[<< wikibooks] Solutions to General Chemistry (Linus Pauling)/The Electron the Nuclei of Atoms and the Photon
An ordinary electric light bulb is operated under conditions such that one ampere of current (1 C s-1) is passing through the filament. How many electrons pass through the filament each second? (Remember that the charge of the electron is -0.160 × 10-18 C.)
6.25 × 1018 electrons are passing through the filament each second. The calculation should be fairly self-evident.
According to the law of gravitation, the gravitational force of attraction between two particles with masses m1 and m2 a distance r apart is Gm1m2 / r2, where G, the constant of gravitation has been found by experiment to have the value 0.6673 × 10-10 N m2 kg -2; that is, the force of attraction between two particles each with mass 1 kg and the distance 1 m apart is 0.6673 × 10-10 N
Calculate the force of electrostatic attraction between an electron and a proton 10 Å apart.
The appropriate rule to apply here is (the scalar form of) Coulomb's Law. To the reader's ire, Coulomb's law is given using Stoney units, while the charges of electrons and protons are typically given in coulombs. The constant required to calculate the electrostatic force is given later on in the chapter and is 8.9876 × 109. That being said, the electrostatic force between the two particles is 8.9876 × 109 × -1.60217646 × 10-19 C × 1.60217646 × 10-19 C / (10-9)2, or about -2.30708943 × 10-10 N. Note the sign; it's important. A negative sign implies an attractive force, while a positive sign implies a repulsive force. Because the electron and proton are of opposite polarity, they attract.
Calculate the force of gravitational attraction between an electron and a proton 10 Å apart. What is the relationship of the electrostatic attraction to the gravitational attraction at this distance?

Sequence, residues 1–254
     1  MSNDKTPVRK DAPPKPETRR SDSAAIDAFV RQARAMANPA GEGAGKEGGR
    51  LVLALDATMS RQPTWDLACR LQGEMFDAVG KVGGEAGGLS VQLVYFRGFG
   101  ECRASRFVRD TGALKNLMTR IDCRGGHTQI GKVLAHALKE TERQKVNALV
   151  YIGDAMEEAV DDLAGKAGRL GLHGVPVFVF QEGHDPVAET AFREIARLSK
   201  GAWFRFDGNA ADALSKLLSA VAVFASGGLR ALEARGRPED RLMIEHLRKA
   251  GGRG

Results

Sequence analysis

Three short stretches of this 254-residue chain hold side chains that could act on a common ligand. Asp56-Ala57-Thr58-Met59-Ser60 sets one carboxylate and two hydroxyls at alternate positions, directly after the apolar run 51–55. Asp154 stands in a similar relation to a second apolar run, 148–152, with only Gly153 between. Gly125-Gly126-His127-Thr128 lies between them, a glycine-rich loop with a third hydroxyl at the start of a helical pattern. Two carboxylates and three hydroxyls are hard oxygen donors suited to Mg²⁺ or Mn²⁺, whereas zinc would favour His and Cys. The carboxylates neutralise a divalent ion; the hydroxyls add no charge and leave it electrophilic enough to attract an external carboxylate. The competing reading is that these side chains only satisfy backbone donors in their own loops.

Here the formula is given directly and is straightforward once the masses are known. The mass of an electron is 9.10938188 × 10-31 kg; the mass of a proton, 1.67262158 × 10-27 kg. The gravitational attraction then is 1.0167349 × 10-49 N, according to the law of gravitation.
What is the dependence on distance of the ratio of electrostatic attraction and gravitational attraction of an electron and proton?
This question seems vague, but the author appears to be referring to only the ratio of electrostatic and gravitational force given the same 10 Å distance. It is 2.269116 × 1039.
Calculate the velocity with which the electrons would move in the apparatus used by J.J. Thomson, operated at an accelerating voltage of 6000 V. Assume that each electron has kinetic energy equal to eV, where e is the charge of the electron in coulombs and V is the accelerating potential in volts.
The kinetic energy of the electron is given by:

e
V
=

1
2

m

v

2

{\displaystyle eV={\frac {1}{2}}mv^{2}}

Inserting known values:

1.60217646
⋅

10

−
19

⋅
6000
=

1
2

⋅
9.10938188
⋅

10

−
31

⋅

v

2

{\displaystyle 1.60217646\cdot 10^{-19}\cdot 6000={\frac {1}{2}}\cdot 9.10938188\cdot 10^{-31}\cdot v^{2}}

Accordingly, the velocity is about 45,941,095 meters per second. Is it necessary to use relativity here?

== Notes ==